Tuesday, March 31, 2009

Whispers from the Past

After my folks split up Dad moved to an old stone farmhouse his city-dwelling brother owned. Dad was more or less to be the caretaker of the buildings and property. It was one of the original farmhouses in that area, nestled in a snug valley like a pendant in an ample bosom. Up on one of the hills in the pasture was the family burial ground. There was a low, crumbling stone wall with chestnut trees at the 4 corners. Inside were the limestone grave markers going back as early as Colonial days. Several were in German. Many were worn beyond readability. Many times during visits with Dad I'd hike up the hill to sit in the shade of the trees or look at the old stones as I wondered about the people who rested there. It was my thinking place, my dreaming place, my listening place. I will admit to having a very overactive imagination as a young kid so as Halloween approached my visits became less frequent. I was afraid perhaps the dead might rise and carry me back to darkness with them. Once the dangerous date had passed though I'd resume my trips to the quiet place to imagine the lives of the people resting there.

When I was a little older my grandfather took my brother and me on a field trip of sorts. It was an unusual thing for him to have us by himself and I can't recall the circumstances leading to that arrangement but I do remember the day. He said he wanted to take us to a couple of cemeteries to meet some relatives. My brother and I must have looked a little shocked because Pop-pop asked us if it was going to give us bad dreams. He was well aware of my overactive imagination and how hard it sometimes was for me to shut it off at night. I told him I'd be fine. I understood this was an important day. We spent the afternoon going from graveyard to graveyard. Pop-pop never had to look very hard to find the headstones he wanted. I think he visited often. At each one we'd pause in a few moments of silence before the stories began. Pop-pop would tell us who each person was, how they were related. He'd tell us a bit about the person's character and then give the most memorable stories from their lives. I knew it was a solemn day of acquainting us with his side of the family who we could only know in this way. It wouldn't be until years later that I appreciated the depth of those moments. I have wished many times I had been able to make that trip with him again as a grown person. So yes, I've had a bit of a thing for old cemeteries for a long time.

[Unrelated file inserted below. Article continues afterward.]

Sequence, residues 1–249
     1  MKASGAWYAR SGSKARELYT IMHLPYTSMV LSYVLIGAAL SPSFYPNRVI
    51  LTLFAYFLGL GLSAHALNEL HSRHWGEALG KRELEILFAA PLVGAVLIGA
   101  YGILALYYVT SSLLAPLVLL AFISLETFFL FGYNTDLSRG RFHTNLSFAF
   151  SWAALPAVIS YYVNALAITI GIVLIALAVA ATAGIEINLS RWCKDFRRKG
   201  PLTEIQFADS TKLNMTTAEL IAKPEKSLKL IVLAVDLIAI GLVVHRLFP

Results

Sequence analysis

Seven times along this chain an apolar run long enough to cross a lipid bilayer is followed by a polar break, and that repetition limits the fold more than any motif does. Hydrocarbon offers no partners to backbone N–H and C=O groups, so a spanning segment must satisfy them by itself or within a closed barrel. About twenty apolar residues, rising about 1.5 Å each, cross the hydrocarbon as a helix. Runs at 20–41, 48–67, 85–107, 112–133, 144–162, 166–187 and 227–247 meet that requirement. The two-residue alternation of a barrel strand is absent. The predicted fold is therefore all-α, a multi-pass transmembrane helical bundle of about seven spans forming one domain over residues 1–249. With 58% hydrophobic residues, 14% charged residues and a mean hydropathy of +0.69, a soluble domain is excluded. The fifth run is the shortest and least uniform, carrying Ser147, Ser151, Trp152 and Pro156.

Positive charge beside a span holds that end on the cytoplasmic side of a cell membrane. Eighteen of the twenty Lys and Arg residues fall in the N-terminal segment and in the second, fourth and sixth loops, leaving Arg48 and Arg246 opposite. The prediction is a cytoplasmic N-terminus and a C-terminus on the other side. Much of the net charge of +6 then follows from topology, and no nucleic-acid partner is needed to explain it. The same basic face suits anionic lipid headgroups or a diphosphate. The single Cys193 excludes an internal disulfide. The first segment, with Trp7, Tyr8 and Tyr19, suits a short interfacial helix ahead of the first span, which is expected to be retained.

My trip to Boston motivated me to finally get myself to one of the original cemeteries in my own town. The old Moravian cemetery is the resting place of the town founders. I've been meaning to pay them a visit for a long time but just never had since they are not located in an area of town that is a place where one usually parks and walks around. It's a thoroughfare where busy cars speed past. Friday night I stopped.

The first thing I noticed was the way the tree by the gate beckons you inside if you walk past rather than speed by in a car.


One of the first headstones I found was Susana's with a poetic epitaph at the bottom. I can't read the first line but the last 3 read,
"She was our joy and pride.
We loved her ah perhaps too well.
For soon she slept and died."